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What is the Structural Diagenesis Initiative?

Structural diagenesis is a new perspective on interaction of mechanical and chemical processes at high crustal levels in the Earth. SDI promotes the growth of this new discipline.

Research and systematic student training in principles of both structure and diagenesis is the key to unlocking scientific knowledge about postdepositional processes in sedimentary basins.

The Structural Diagenesis Initiative—SDI—promotes a merger of these disciplines and a new training paradigm in sedimentary geochemistry and structural geology.

The initial focus of the SDI is on processes that systematically create and destroy fracture porosity and that influence fracture size and spatial distribution. Fluid flow in fractured rock is an increasingly central issue in recovering water and hydrocarbon supplies and geothermal energy, in predicting flow of pollutants underground, in engineering structures, and in understanding large-scale crustal behaviour. Our cross-disciplinary research is providing fundamental advances in our understanding of how the diversity of natural structural patterns evolves.

The Structural Diagenesis Initiative effort is supported by Chemical Sciences, Geosciences and Biosciences Division, Office of Basic Energy Sciences, Office of Science, U.S. Department of Energy, Grant No. DE-FG02-03ER15430, ‘Predicting Fracture Porosity Evolution in Sandstone‘.

From a practical standpoint this research is leading to better predictions of fracture pattern attributes in the subsurface where sparse sampling is the rule.

Central to the success of the initiative is work supported by the U.S. Department of Energy, Office of Science, Office of Basic Energy Sciences, under Grant No. DE-FG02-03ER15430.

The Jackson School of Geosciences and the Cockrell School of Engineering are supporting an already strong cross disciplinary and cross unit program in fundamental and applied fracture and rock-property evolution research.

Results are reviewed by industry representatives of the Fracture Research and Application Consortium that has been funded since 1998 by industry.

Collaboration across The University of Texas at Austin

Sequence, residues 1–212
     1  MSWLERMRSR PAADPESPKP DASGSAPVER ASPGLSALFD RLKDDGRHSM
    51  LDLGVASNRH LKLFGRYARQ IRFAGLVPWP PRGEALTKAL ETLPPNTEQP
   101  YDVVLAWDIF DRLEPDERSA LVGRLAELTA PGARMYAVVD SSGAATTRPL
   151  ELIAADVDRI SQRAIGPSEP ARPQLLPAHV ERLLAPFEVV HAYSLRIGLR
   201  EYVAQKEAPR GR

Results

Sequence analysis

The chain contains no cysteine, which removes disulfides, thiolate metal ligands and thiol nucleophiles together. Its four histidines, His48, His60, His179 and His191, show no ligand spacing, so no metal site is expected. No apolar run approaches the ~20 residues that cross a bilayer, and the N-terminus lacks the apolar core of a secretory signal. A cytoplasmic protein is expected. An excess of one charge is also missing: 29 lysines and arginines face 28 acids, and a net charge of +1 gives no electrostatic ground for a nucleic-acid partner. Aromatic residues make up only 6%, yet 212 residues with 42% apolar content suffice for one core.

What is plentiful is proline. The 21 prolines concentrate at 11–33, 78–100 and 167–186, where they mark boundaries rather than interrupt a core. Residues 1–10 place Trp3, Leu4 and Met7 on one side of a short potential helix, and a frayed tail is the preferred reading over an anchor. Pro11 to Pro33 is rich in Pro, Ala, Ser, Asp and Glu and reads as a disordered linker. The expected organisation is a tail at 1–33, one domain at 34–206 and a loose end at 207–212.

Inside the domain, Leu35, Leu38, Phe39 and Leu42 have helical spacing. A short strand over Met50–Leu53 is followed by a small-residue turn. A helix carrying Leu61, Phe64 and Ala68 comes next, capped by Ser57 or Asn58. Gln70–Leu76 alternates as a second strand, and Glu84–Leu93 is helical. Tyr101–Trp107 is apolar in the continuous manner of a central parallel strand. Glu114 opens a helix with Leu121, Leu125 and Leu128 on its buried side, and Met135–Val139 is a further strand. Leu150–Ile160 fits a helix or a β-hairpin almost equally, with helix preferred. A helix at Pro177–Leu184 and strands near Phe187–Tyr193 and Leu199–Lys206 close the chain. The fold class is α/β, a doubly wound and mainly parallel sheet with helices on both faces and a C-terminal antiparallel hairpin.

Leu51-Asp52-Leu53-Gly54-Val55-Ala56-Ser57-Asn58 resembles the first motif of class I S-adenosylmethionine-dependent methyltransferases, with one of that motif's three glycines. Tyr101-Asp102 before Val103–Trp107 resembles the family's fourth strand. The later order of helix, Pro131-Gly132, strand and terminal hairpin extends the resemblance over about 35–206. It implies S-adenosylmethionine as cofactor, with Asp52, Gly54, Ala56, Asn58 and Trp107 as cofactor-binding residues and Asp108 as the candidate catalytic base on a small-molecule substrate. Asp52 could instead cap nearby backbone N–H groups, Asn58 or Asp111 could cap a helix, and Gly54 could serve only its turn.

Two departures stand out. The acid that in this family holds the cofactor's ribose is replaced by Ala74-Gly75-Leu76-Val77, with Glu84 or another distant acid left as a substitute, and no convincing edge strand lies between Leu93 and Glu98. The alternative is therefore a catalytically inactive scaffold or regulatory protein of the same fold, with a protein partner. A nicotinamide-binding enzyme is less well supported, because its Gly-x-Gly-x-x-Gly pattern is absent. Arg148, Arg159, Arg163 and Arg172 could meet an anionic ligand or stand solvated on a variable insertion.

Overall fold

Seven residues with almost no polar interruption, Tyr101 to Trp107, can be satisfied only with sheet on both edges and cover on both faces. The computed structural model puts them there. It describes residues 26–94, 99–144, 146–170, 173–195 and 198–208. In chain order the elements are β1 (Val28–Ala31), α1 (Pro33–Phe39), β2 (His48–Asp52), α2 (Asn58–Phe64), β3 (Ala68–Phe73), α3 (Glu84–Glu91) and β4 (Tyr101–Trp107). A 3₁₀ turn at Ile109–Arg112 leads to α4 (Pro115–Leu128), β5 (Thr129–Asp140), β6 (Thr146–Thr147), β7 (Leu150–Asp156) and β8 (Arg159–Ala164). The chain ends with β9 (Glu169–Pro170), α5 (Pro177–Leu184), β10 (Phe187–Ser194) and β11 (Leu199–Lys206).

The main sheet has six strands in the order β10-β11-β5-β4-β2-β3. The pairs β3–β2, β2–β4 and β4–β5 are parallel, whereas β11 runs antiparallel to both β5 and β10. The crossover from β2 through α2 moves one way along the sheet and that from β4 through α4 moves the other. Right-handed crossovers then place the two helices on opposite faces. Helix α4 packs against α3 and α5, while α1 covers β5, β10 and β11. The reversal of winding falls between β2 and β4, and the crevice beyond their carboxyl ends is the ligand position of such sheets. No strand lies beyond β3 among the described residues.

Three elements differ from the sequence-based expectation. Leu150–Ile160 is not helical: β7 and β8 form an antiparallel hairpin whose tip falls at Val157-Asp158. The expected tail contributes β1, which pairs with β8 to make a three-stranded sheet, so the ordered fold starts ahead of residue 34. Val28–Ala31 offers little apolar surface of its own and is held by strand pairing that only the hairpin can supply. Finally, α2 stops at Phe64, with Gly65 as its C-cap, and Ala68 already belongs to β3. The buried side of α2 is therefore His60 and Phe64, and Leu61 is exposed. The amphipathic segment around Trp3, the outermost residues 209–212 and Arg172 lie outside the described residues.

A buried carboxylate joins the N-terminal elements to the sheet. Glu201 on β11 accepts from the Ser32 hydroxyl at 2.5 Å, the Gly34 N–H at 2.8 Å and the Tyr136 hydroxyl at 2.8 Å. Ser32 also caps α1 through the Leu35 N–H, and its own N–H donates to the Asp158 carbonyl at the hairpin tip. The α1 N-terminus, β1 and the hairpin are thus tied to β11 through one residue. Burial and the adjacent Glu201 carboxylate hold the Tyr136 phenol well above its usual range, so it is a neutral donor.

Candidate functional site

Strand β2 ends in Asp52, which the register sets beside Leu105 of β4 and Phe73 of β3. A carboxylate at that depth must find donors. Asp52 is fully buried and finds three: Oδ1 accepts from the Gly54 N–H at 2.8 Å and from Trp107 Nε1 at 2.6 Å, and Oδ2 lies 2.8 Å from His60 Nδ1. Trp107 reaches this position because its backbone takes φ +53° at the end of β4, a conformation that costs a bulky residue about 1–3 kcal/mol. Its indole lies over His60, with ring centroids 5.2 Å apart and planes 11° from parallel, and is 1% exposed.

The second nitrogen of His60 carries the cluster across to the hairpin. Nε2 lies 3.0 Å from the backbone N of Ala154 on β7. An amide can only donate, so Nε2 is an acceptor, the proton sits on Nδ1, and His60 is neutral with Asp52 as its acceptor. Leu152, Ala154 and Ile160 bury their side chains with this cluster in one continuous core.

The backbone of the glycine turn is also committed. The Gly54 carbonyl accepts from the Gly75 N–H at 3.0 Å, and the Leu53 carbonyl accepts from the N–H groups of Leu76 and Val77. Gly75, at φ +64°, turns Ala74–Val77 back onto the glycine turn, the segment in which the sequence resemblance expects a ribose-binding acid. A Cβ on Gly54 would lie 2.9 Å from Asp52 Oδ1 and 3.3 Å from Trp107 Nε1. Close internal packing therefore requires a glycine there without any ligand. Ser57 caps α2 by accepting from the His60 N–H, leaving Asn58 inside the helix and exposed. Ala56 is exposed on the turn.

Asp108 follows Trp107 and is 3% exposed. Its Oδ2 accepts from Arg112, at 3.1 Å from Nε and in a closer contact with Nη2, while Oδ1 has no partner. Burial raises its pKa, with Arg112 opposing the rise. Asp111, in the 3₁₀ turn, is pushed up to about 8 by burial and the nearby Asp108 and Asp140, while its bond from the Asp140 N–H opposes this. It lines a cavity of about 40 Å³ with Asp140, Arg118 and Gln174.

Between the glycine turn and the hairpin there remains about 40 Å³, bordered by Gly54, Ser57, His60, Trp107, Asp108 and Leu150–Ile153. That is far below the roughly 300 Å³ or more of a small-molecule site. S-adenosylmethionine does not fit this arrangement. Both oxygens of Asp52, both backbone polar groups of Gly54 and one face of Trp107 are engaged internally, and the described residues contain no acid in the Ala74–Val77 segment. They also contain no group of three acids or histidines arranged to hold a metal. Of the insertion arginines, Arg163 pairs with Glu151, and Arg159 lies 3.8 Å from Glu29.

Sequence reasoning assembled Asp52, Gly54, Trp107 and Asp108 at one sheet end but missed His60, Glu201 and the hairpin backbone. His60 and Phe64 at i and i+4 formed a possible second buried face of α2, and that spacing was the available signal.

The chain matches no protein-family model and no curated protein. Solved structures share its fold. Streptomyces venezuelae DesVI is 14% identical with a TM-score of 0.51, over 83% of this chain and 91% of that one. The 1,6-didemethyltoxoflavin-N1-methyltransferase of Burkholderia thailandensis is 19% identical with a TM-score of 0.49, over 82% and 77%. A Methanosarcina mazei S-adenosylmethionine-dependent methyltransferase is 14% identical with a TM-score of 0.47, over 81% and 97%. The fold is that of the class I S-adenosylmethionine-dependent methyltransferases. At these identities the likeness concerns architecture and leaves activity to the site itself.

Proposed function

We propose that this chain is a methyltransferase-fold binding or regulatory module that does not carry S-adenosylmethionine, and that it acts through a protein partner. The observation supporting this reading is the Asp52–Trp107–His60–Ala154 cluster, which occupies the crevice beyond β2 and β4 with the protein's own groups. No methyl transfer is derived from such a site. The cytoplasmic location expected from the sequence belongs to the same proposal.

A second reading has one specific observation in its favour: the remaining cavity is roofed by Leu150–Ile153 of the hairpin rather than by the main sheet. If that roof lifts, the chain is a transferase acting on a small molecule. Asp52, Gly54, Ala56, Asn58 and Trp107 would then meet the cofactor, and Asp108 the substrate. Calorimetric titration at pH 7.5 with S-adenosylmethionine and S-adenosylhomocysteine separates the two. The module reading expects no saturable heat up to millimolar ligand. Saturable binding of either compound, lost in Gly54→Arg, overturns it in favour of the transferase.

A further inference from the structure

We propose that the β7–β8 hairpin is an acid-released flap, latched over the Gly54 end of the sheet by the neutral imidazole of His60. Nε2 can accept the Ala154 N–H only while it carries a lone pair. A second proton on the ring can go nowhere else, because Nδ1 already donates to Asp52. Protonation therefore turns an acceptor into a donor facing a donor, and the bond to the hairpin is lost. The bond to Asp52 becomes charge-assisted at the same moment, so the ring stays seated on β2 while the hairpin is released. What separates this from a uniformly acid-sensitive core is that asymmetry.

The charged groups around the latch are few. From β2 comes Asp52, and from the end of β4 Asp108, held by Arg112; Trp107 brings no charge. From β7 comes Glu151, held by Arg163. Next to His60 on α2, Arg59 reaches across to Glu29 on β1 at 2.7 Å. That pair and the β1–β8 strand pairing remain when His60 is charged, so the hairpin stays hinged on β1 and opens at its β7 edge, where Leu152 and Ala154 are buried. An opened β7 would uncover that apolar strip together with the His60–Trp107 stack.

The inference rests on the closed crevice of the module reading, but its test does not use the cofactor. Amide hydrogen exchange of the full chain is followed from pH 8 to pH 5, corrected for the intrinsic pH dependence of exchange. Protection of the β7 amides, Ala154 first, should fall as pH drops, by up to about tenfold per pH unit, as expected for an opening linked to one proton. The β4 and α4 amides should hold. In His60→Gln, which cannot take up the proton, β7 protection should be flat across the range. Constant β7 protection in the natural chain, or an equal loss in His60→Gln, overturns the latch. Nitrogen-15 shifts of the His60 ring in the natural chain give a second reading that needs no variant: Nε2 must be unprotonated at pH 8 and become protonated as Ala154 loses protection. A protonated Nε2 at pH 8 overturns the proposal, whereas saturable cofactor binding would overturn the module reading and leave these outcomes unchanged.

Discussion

The Structural Diagenesis Initiative is a collaboration that includes researchers and students from the Cockrell School of Engineering Department of Petroleum & Geosystems Engineering and from the Jackson School of Geosciences Bureau of Economic Geology and Department of Geological Sciences.

More information about the collaboration can be found here:

Brittle Structure Research at Department of Geological Sciences

Engineering and Geomechanical Modeling Research at Petroleum & Geosystems Engineering

Field-Based Structural Diagenesis Studies

Fluid Inclusion Analysis Program

Shale – Mudrock Fracture Research Program

Fractured Carbonate Rocks Program

Diagenetic Modeling and Reservoir Quality Prediction

Fault Rock Diagenesis and Fault Zone Attributes

Pore-Scale Research

Hydrothermal Laboratory at the Bureau of Economic Geology

Background information and related pages.

Grant No. DE-FG02-03ER15430, Predicting Fracture Porosity Evolution in Sandstone

2015 GSA Symposium - Brittle Structures of Rocky Mountain Reservoirs and Reservoir Analogs
GSA Rocky Mountain Section Meeting, Casper, Wyoming, May 21. Contact S. Laubach for information
2015 GSA Symposium
Brittle Structures of Rocky Mountain Reservoirs and Reservoir Analogs
GSA Rocky Mountain Section Meeting, Casper, Wyoming, May 21. Contact S. Laubach for information
2014 GSA Session - Applications of Structural Geology and Geomechanics in the Petroleum Industry.T190. This session highlights structural geology and geomechanics research with strong petroleum industry applicability. P. Hennings, S. Davis, & S.E. Laubach, chairs
Applications of Structural Geology and Geomechanics in the Petroleum Industry.T190. This session highlights structural geology and geomechanics research with strong petroleum industry applicability. P. Hennings, S. Davis, & S.E. Laubach, chairs
2014 TLE Theme Issue - Theme section of TLE on Hydrofracturing: Modern & Novel Methods, October 2014. Contact J. Olson or S. Laubach for more information.
Theme section of TLE on Hydrofracturing: Modern & Novel Methods, October 2014. Contact J. Olson or S. Laubach for more information.
2013 GSA Session - Structural Geology and Geomechanics in the Petroleum Industry. J.S. Davis, P. Hennings, and S.E. Laubach, advocates & session chairs
Structural Geology and Geomechanics in the Petroleum Industry. J.S. Davis, P. Hennings, and S.E. Laubach, advocates & session chairs
2012 GSA Session - The Role of Structure and Diagenesis in Governing Fluid Storage and Flow in Deep Sedimentary Basins with Applications to Unconventional Oil and Gas Reservoirs, Nov. 6, 2012, Stephen E. Laubach, Christoph Hilgers, M. A. Ellis, and Mark A. Evans, Presiding
The Role of Structure and Diagenesis in Governing Fluid Storage and Flow in Deep Sedimentary Basins with Applications to Unconventional Oil and Gas Reservoirs, Nov. 6, 2012, Stephen E. Laubach, Christoph Hilgers, M. A. Ellis, and Mark A. Evans, Presiding
2014 FRAC Meeting - The 2014 Fracture Research & Application Consortium meeting held September 15-17 in the Texas Hill Country. See the FRAC site for details.
The 2014 Fracture Research & Application Consortium meeting held September 15-17 in the Texas Hill Country. See the FRAC site for details.
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